My boys (ages 10 and 7) have been attending our JCC summer camp for years. The camp includes games, sports, Jewish education, swimming, and weekly field trips. Once you are entering second grade you get to participate in the highly anticipated, extremely fun sleepovers, of which they do two to three each summer.
My older son, Joey, who struggles in certain social situations, has declined to attend every single sleepover for the past four years. He happily goes on the field trips, but asks me to pick him up so that he doesn’t have to sleep over. He prefers his bed, with his things, and his family. He’s slept at Grandma’s house. He loves when we travel to hotels. He just had no interest in sleeping on the floor of the gymnasium, in his sleeping bag, surrounded by his fellow campers. I never pushed him because I didn’t want him to feel uncomfortable. There was no reason to force this issue.
But this year his little brother was eligible for the sleepovers—and he could not wait. Aaron went to the first one, while Joey declined. To quote Aaron as he climbed into my minivan after the experience—“It was amazing!” He couldn’t believe that Joey wouldn’t want a piece of this action.
Then it came time for the final sleepover of the summer. This adventure would bring Joey’s group to Busch Gardens (two hours away) and a sleepover at the Tampa JCC. Aaron’s group would be going to Legoland and sleeping at our Orlando JCC. Again, Aaron could not wait. But two days before the trip he sprained his wrist, and after a trip to the ER, was put into a splint. That wasn’t going to deter him from this epic field trip/sleepover.
Every time I broached the subject with Joey, he consistently let me know that he wasn’t going. But this also meant no field trip, because I wasn’t going to drive all the way to Tampa to pick him up. I gently pushed him as the day got closer. He resisted. I pushed harder. Eventually I told him that he was going. He needed to try. He needed to step out of his comfort zone. This was the last chance for the summer. He has great counselors and kids in his group. If he didn’t like it, I wouldn’t make him do any sleepovers the following summer, but he had to try.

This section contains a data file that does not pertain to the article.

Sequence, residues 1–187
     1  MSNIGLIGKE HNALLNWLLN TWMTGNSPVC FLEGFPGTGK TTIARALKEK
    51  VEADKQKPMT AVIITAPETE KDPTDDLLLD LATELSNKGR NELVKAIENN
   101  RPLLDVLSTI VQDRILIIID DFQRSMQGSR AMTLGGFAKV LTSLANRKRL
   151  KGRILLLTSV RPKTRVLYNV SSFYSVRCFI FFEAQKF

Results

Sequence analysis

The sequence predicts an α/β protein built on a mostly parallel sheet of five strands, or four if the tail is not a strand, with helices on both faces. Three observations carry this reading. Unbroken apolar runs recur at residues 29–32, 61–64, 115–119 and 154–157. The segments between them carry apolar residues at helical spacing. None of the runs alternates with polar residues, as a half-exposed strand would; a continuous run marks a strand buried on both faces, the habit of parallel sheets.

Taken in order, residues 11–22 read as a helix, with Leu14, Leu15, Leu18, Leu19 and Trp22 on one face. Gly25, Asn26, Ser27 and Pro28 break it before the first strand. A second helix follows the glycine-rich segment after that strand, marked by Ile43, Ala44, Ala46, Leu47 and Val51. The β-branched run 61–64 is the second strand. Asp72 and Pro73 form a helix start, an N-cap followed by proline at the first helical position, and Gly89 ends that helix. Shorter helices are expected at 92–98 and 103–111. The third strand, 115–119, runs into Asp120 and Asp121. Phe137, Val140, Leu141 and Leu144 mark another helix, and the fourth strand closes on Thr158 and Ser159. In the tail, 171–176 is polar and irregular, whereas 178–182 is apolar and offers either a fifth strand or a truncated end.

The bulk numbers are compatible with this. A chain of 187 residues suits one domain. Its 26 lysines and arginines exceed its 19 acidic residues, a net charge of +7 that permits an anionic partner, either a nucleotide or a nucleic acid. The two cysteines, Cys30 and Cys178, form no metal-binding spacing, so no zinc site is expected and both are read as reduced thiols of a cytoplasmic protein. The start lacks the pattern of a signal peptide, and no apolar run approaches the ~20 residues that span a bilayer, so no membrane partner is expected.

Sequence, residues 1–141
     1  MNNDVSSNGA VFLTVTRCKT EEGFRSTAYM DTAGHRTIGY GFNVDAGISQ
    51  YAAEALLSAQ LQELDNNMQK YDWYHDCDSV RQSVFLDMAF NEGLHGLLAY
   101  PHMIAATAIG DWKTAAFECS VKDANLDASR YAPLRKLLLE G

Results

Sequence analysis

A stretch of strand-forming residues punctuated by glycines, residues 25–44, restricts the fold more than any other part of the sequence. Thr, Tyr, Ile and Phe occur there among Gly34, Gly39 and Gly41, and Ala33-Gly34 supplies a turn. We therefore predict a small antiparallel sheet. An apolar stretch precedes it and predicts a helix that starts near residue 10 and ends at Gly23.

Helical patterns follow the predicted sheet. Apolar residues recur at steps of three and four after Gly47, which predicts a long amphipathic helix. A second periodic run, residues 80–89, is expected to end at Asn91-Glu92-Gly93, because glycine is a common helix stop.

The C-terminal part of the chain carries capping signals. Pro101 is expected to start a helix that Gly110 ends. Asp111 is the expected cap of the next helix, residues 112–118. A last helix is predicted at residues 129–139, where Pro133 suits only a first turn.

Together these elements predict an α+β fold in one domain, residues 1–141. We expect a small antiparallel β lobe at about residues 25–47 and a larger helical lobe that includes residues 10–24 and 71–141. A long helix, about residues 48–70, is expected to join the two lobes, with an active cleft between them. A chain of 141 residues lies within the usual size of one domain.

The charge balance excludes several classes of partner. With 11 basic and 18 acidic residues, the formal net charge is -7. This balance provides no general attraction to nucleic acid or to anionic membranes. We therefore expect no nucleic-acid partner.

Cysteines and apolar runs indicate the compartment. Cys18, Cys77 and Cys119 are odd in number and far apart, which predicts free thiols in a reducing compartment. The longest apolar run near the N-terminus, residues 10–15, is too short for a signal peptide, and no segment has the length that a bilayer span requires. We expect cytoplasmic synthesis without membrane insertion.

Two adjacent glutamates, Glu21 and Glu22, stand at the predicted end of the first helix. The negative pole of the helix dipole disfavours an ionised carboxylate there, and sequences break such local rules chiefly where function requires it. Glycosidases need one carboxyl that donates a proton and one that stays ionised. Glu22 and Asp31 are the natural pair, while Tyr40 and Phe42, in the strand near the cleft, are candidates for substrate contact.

He cried. I felt badly. I almost caved. But eventually he sniffled, “OK, I’ll do it.” He told me he was worried that he would have to sleep alone, or that he’d be forced to play games that he didn’t want to play. He sat with me at my computer while we drafted an email to his camp coordinator to share his concerns.
The amazing camp coordinator and director both assured me that they would communicate if there were any issues. They reminded me that no news is good news. The boys left the house at 8:30 a.m. on Thursday and I wasn’t going to see them until 4:00 on Friday. I had my phone next to me all day Thursday. I got a quick email that said both boys were on their way to the field trips with smiles on their faces.
At 10:00 p.m. I got the following email from the camp coordinator:
I am sitting here with Joey and we are emailing to say that we had a really great day today! Joey said he went on the water ride and it takes you around a river which was really fun. He barely got soaked which was funny because everyone else did.
We are at the Tampa JCC and getting ready for bed. He says he misses you but don’t worry because he’s having fun.
See you tomorrow!
Joey says “I love you.”
I cried happy tears. I showed it to my husband, forwarded it to my parents, and copied and pasted it to half a dozen friends. I was elated. The next day I went to camp to pick them up. The boys had requested that I come into Shabbat song session to get them, instead of the car line, because they would miss me.
Aaron’s counselors came up to me first. “Aaron had a great time—we covered his splint when it rained at Legoland. He missed you a little bit, but he had a great experience.”
Then Joey’s counselor came up to me. “He did awesome! He was just like any other kid. He was happy. He participated. He was perfect! He had one complaint though. He told me that our other counselor snored, and that kept him up.” We giggled.
I hugged both of my boys and told them how proud I was of them. Joey said he was glad that he went. He loved Busch Gardens. He enjoyed seeing a different JCC. He didn’t care for only getting six hours of sleep. The jury is still out if he’ll do sleepovers next year. But that doesn’t matter to me. He did it. I pushed him, and I’m glad that I did. It was hard to do, but sometimes we have to be pushed. I’m giving myself a gold star on this one, and if Joey does decide to go next year, I’m giving him some ear plugs.